The Cold War period saw dramatic developments in science and technology, coinciding with the flourishing of the science fiction genre. In Rockets and Rayguns, Andrew May draws on the parallels between reality and fiction, each influencing the other.

Inevitably a major Cold War theme was the threat of nuclear war, and May opens with the bomb. It's fascinating that fiction got there first - nuclear weapons were featured in science fiction when many physicists were still doubting the practicality of using nuclear energy. Of course, it's a lot easier to simply take a concept and dream up a weapon than it is to make it for real - for example, H. G. Wells' prophetic nuclear bombs from his 1914 The World Set Free were nothing like the real thing. And some science fiction devices concepts - notably ray guns and force fields - came to very little in reality. However this doesn't prevent the parallels being of interest.

May gives us a mix of the science - describing how nuclear we…

Galileo Galilei, the Tuscan Artist – Pietro Greco ****

Near the beginning of John Milton’s epic poem Paradise Lost, he refers to a ‘Tuscan artist’ viewing the Moon through an optic glass. He’s talking about Galileo – one of history’s greatest scientists, but not the most obvious person to slap an ‘artist’ label on. Yet Galileo lived at a time – the Renaissance – when it was fashionable to dabble impartially in both the arts and sciences. Look up ‘Renaissance man’ on Wikipedia and you’ll see Galileo’s picture right there underneath Leonardo da Vinci’s. It’s a less well-known side to his life, but it crops up again and again – interspersed among his many scientific achievements – in this excellent new biography by Pietro Greco.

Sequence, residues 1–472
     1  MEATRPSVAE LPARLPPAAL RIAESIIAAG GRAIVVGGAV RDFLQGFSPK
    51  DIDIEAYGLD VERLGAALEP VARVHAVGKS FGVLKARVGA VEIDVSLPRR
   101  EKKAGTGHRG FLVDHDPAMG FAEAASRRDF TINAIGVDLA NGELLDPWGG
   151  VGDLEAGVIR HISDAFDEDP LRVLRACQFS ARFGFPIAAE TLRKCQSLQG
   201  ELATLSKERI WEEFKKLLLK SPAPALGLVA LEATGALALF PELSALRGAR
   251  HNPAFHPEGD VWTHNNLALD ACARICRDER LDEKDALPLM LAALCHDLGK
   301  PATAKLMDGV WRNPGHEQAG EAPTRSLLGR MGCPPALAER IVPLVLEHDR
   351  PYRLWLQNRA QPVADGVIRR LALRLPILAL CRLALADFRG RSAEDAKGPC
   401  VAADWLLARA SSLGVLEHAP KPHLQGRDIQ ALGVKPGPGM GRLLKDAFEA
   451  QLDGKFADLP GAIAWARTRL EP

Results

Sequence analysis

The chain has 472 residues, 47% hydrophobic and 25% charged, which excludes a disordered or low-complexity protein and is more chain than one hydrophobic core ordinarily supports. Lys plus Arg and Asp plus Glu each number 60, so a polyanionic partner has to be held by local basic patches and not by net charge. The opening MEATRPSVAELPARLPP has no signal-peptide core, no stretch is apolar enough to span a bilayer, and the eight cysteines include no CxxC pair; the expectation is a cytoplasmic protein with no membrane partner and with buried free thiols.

If you’re looking for interesting trivia, you’ll find plenty in this book. Galileo’s father was a musician with scientific leanings, who carried out some of the first experiments on musical acoustics – which Galileo may have assisted with. As a young professor of mathematics, Galileo delivered a couple of lectures on …

The Ultimate Interplanetary Travel Guide - Jim Bell **

Not too long ago, NASA brought out a series of spoof ‘space tourism’ posters for various destinations in the Solar System. For people like me, who have watched NASA depressingly fail to send humans to the other planets for decade after decade, it was just another painful twist of the knife. On the other hand, the posters probably have more appeal for younger and less cynical minds, by presenting familiar astronomical objects in a new and engaging way. There may even be scope for a whole book along these lines – and that’s what Jim Bell has attempted here.

The main thing I learned from it is that my brain is programmed to read either fiction or non-fiction, and can’t handle a 50:50 mix of the two – which is what this book is. It drove me mad –  not least because I could see that the same material, presented as straight non-fiction, could have made a really excellent book. Using the NASA posters as a starting point, he could have enumerated the potential ‘tourist sights’ at each location…